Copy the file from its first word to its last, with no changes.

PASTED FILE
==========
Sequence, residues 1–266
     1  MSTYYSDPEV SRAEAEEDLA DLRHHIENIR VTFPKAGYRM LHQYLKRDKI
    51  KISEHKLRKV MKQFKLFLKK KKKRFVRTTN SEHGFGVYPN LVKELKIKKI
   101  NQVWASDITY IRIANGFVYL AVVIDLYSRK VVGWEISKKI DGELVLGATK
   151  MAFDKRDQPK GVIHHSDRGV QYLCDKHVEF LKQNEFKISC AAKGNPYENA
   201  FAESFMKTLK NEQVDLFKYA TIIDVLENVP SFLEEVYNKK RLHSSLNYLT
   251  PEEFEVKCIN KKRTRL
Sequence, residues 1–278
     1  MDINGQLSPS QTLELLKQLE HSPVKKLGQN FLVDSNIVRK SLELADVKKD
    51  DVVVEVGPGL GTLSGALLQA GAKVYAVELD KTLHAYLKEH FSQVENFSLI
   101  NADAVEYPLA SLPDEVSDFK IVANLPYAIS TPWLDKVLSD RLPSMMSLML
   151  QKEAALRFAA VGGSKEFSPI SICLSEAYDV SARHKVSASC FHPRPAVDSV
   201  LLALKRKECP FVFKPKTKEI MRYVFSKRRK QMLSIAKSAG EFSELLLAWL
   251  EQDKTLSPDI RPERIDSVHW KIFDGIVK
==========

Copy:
Sequence, residues 1–266
     1  MSTYYSDPEV SRAEAEEDLA DLRHHIENIR VTFPKAGYRM LHQYLKRDKI
    51  KISEHKLRKV MKQFKLFLKK KKKRFVRTTN SEHGFGVYPN LVKELKIKKI
   101  NQVWASDITY IRIANGFVYL AVVIDLYSRK VVGWEISKKI DGELVLGATK
   151  MAFDKRDQPK GVIHHSDRGV QYLCDKHVEF LKQNEFKISC AAKGNPYENA
   201  FAESFMKTLK NEQVDLFKYA TIIDVLENVP SFLEEVYNKK RLHSSLNYLT
   251  PEEFEVKCIN KKRTRL
Sequence, residues 1–278
     1  MDINGQLSPS QTLELLKQLE HSPVKKLGQN FLVDSNIVRK SLELADVKKD
    51  DVVVEVGPGL GTLSGALLQA GAKVYAVELD KTLHAYLKEH FSQVENFSLI
   101  NADAVEYPLA SLPDEVSDFK IVANLPYAIS TPWLDKVLSD RLPSMMSLML
   151  QKEAALRFAA VGGSKEFSPI SICLSEAYDV SARHKVSASC FHPRPAVDSV
   201  LLALKRKECP FVFKPKTKEI MRYVFSKRRK QMLSIAKSAG EFSELLLAWL
   251  EQDKTLSPDI RPERIDSVHW KIFDGIVK